Common breastfeeding questions

Here are some of the most frequently asked questions asked by the National Health Service in the UK by breastfeeding mums.


How often will my baby feed?

All babies are different, and it may depend on the type of birth you've had. Your baby should feed within the first hour after birth to get off to a good start. Babies then sometimes have a sleep and will start to give you signs that they're ready for the next feed. These signs include:

  • starting to move about as they wake up
  • moving their head around
  • finding something to suck, usually their fingers

If your baby doesn’t have a feed in the first hour, try skin-to-skin again, putting them to your breast as soon as possible so that they're not left without a feed in the first six hours.

Why is baby-led feeding so important?

129301968(1).jpgA newborn baby’s stomach is only the size of a walnut, therefore they will need to feed ‘little and often’. This is why baby-led feeding, or ‘on-demand feeding’ is so important. Your baby can have a good feed and be hungry again quite quickly. Babies go through patterns of feeding more and less as they grow. Letting them feed when they need to will ensure that they're content and getting the milk they need, when they need it.

How long should each feed last?

Every baby is different. Some babies want frequent short feeds, and others prefer feeding for longer. Let your baby finish the first breast, then offer the second. If your baby feeds all the time and you're worried, contact the National Breastfeeding Helpline.

Can I still breastfeed if I have more than one baby?

Twins, triplets and other multiples can be breastfed. Because multiple babies are more likely to be born prematurely and have a low birth weight, breast milk is especially important for their wellbeing. When you start breastfeeding you may find it easier to feed each of your babies separately until feeding is well established and you feel confident about handling them at the same time. This may take a few weeks.

It can be really helpful to talk to other mothers who have breastfed twins, either at an antenatal session or meeting at a twins group in your area. Triplets can be breastfed either two together and then one after, or all three rotated at each feed.

Can I breastfeed after a caesarean?

Yes, you can. Make sure you get a skin-to-skin cuddle with your baby as soon as you're able to. Your midwife may help you have a skin-to-skin cuddle in theatre, or in the recovery room. If you keep your baby close to you and maintain lots of skin-to-skin contact, you’ll be able to put them to the breast often, and this will stimulate your milk supply.

Breastfeeding counsellor Ruthie suggests that “after a caesarean you might find that the ‘rugby hold’ [baby’s body is around to the side of your body supported by the arm on the same side] is preferable to having the baby lying on your stomach”. Ask your midwife for pain relief before you're likely to feed your baby so that you can feed comfortably.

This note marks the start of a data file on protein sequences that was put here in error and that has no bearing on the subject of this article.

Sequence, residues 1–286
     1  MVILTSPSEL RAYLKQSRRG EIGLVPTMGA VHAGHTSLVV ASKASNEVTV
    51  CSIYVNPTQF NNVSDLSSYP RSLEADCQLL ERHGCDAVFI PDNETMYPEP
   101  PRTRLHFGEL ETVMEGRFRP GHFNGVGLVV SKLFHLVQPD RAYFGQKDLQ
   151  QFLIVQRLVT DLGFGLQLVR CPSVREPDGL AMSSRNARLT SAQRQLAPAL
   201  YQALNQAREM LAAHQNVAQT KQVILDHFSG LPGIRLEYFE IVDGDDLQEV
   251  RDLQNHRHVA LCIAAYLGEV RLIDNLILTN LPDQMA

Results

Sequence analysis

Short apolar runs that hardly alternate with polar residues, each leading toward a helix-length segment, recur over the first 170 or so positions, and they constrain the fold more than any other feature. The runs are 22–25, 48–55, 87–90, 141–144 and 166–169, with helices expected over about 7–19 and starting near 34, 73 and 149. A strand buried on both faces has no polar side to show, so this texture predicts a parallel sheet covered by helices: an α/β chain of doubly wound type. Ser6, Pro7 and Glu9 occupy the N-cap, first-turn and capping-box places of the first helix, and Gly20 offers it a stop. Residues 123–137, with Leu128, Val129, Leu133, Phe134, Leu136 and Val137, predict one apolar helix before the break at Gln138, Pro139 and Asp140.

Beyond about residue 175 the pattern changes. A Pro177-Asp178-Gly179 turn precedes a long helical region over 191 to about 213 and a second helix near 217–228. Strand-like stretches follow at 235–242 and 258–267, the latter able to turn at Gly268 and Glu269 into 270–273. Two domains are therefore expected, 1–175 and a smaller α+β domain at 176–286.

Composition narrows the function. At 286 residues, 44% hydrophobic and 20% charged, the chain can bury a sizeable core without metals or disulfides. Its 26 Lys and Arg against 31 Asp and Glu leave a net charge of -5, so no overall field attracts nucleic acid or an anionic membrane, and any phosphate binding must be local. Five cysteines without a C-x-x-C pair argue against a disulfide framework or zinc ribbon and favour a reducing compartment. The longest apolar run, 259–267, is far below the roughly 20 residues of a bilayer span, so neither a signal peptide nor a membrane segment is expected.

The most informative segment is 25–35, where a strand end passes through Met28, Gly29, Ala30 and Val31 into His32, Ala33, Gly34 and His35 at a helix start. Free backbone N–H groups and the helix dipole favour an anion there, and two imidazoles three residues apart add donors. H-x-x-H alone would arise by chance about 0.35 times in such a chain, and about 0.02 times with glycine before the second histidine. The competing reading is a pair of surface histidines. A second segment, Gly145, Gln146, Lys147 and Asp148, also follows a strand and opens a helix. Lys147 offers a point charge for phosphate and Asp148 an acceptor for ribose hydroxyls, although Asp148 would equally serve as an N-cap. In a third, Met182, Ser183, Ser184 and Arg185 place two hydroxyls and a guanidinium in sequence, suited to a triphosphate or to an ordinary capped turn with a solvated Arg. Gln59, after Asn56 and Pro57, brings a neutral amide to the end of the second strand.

If you have a planned caesarean, talk to your midwife about expressing some breast milk before you have the baby. This can be available for use afterwards if necessary, either by cup or by syringe.

How long should I breastfeed for?

Exclusive breastfeeding (with no other food or drink) is recommended for around the first six months of a baby's life. After this, breastfeed alongside other foods for as long as you and your baby wish. This might be into their second year or beyond.

Every day you breastfeed makes a difference to you and your baby. There’s no need to decide at the beginning how long you'll breastfeed for. Many mothers continue to breastfeed when they return to work or college.

How do I know if my baby's getting enough milk?

All mums want to know that their baby is feeding well. When you first start breastfeeding, you may wonder if your baby is getting enough milk. There are clear signs that you can look out for. 

Signs that your baby is feeding well:

  • Your baby has a large mouthful of breast.
  • Your baby's chin is touching your breast.
  • It doesn't hurt you to feed (although the first few sucks may feel strong).
  • If you can see the dark skin around your nipple, you should see more dark skin above your baby's top lip than below their bottom lip.
  • Your baby's cheeks stay rounded during sucking.
  • Your baby takes rhythmic, long sucks and swallows. It's normal for them to pause sometimes.
  • Your baby finishes the feed and comes off the breast on their own.

Signs that your baby is getting enough milk:

  • Your baby will appear content and satisfied after most feeds.
  • They should be gaining weight after the first two weeks.
  • Your breasts and nipples should not be sore.
  • In the first 48 hours, your baby is likely to have only two or three wet nappies.
  • From day five onwards, wet nappies should start to become more frequent, with at least six wet nappies every 24 hours.
  • They should appear healthy and alert when they're awake.  

Breastfeeding help and support

If you have any questions or concerns about breastfeeding, a lot of help and support is available.

  • You can ask a friend or family member who has breastfed.
  • Ask your GP, midwife or health visitor.
  • You can the National Breastfeeding Helpline.
  • You can look at reliable web based resources.
  • You can join a local support drop in, Children’s Centre or group.